By Christine Kukka
Telling someone you have hepatitis B is almost always followed by the question, “how did you get it?”
The question can feel like an invasion of privacy or an indictment. Behind the question lurks a desire for reassurance that hepatitis B won’t happen to them, but of course it can. And that’s why we should answer and tell our story.
On a global scale, the story of hepatitis B is the story of humanity. How we and our forebears became infected results from centuries of human migrations, the transatlantic slave trade, political upheaval, poverty, re-used medical devices and ineffective public health policies.
Our stories are the result of those global trends. But do we have to share when telling them makes us feel powerless (my mother had it and there was no vaccine where I was born), or like a victim (health workers re-used syringes on me), or just stupid (I didn’t practice safe sex)?
Because hepatitis B happens to “innocent” people, especially children, people want to find fault and stigmatize the infected. It’s a common response, the more innocent victims of crime or disease are, the more threatened and unsettled they make us feel. They remind us that we live in an arbitrary and cruel world no matter how much we play by the rules. To avoid that reality we “blame the victim” and assume disease could never happen to us or someone we love.
The HIV epidemic and the government’s slow response illustrate the dangers of such denial. But despite widespread prejudice, people with HIV began to tell their stories. They knew education and awareness would prevent new infections and speed the search for a cure. Their stories gave a human face to HIV infection. The infected became what they always were: our neighbors, friends and family members.
An HIV blog recently asked members to share how they became infected. One man wrote, “On the one hand, we all know that it ultimately doesn’t matter how and from whom (we) got the virus…On the other hand, it is comforting to know that many others out there were infected the same way (carelessness or the heat of the moment, whatever…) It’s all about us owning up to the choices we made and living with them in the here and now.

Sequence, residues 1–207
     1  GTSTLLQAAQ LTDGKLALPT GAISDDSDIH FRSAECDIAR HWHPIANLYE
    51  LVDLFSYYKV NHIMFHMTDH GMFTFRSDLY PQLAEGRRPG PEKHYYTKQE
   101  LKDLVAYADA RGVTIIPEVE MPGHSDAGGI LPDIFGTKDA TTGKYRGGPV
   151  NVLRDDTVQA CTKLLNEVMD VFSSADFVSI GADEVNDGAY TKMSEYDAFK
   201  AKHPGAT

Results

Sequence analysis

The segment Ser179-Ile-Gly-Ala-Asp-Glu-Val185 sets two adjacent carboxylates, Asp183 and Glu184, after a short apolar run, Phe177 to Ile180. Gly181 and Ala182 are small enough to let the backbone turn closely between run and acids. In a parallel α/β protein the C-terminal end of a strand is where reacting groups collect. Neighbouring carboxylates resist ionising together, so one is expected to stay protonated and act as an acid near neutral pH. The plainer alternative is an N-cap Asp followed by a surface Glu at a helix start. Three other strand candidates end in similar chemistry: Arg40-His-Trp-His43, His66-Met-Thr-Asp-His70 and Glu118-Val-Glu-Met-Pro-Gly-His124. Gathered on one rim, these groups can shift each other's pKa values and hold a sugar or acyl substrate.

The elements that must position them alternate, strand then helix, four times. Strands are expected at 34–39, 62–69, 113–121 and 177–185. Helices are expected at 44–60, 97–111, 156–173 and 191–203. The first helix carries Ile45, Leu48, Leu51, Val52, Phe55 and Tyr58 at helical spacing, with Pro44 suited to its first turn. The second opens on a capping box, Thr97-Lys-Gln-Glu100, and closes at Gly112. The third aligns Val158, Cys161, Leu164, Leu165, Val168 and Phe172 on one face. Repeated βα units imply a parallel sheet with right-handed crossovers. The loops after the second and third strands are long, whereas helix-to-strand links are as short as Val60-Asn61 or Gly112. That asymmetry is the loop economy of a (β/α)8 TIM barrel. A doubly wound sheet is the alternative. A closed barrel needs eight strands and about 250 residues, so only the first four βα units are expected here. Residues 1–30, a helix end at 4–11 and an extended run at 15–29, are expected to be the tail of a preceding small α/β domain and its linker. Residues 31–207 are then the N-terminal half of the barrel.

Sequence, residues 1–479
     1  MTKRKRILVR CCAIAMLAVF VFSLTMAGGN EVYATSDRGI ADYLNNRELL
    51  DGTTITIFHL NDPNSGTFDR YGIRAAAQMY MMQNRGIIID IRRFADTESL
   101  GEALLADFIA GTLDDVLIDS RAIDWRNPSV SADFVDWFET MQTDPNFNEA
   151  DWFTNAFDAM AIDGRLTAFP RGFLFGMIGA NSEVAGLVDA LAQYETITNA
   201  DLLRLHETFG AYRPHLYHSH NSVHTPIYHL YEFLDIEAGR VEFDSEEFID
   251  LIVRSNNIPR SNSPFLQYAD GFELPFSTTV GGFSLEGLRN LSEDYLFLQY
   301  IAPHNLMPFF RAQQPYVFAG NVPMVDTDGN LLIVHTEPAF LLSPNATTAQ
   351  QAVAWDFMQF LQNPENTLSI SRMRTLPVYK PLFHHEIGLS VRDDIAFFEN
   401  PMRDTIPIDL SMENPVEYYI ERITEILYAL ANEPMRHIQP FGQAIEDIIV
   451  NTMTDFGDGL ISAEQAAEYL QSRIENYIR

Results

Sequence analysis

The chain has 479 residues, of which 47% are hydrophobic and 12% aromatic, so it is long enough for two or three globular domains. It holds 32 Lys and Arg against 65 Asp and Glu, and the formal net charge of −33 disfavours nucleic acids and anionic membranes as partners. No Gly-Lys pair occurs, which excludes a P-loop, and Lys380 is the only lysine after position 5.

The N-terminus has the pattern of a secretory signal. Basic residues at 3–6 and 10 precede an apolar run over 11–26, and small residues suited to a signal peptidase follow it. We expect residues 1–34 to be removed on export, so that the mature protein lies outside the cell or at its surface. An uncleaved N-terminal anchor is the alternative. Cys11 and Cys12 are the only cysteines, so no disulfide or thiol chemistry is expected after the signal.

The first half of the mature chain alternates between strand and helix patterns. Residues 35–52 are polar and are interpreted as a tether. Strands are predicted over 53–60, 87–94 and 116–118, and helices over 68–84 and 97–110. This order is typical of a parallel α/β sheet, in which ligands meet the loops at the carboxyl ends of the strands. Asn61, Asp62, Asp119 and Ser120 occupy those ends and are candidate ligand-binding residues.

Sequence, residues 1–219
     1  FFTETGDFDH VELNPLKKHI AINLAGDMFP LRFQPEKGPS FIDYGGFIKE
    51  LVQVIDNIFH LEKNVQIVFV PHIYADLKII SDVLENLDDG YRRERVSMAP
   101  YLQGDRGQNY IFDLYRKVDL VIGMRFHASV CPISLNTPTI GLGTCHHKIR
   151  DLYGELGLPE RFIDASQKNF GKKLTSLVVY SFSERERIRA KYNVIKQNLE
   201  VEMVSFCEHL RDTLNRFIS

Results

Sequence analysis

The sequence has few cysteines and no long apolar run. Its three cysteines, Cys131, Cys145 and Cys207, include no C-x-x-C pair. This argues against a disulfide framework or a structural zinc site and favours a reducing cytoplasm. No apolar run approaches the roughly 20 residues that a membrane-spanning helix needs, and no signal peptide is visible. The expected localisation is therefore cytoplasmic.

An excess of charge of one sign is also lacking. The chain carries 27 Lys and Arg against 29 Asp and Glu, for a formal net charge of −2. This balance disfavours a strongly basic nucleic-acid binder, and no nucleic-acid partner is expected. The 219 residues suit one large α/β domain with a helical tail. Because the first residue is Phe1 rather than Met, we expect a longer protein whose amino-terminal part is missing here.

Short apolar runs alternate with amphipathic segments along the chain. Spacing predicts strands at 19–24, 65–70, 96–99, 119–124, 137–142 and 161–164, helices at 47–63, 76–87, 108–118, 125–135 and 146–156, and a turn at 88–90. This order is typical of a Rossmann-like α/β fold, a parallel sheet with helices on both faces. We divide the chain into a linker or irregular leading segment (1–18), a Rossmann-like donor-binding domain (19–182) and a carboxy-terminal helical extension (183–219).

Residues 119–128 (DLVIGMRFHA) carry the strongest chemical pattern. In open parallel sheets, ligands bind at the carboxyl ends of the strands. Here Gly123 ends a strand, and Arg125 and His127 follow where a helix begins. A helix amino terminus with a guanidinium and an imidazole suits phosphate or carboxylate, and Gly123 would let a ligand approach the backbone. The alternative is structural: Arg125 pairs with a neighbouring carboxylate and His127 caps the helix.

“Why? Because we need to remember all the people reading our posts who are still negative (for HIV),” he continued. “We often question what (exactly) is safe sex? Well, by pinpointing … what infected us, we are defining what is safe and what is not, if not for ourselves then for others who might still be unsure or who might hear conflicting information.”
We who live with hepatitis B can also tell our stories to prevent new infections, to reduce stigma, and to force public health policy changes that will improve prevention and treatment of hepatitis B around the world.
Our stories won’t make the world a less risky place, but the compassion and kindness they invoke can help soften a chaotic and arbitrary world.
To read stories about people living with hepatitis B, visit the Hepatitis B Foundation’s Personal Stories page and the Association of Asian Pacific Community Health Organization’s Just B Campaign website.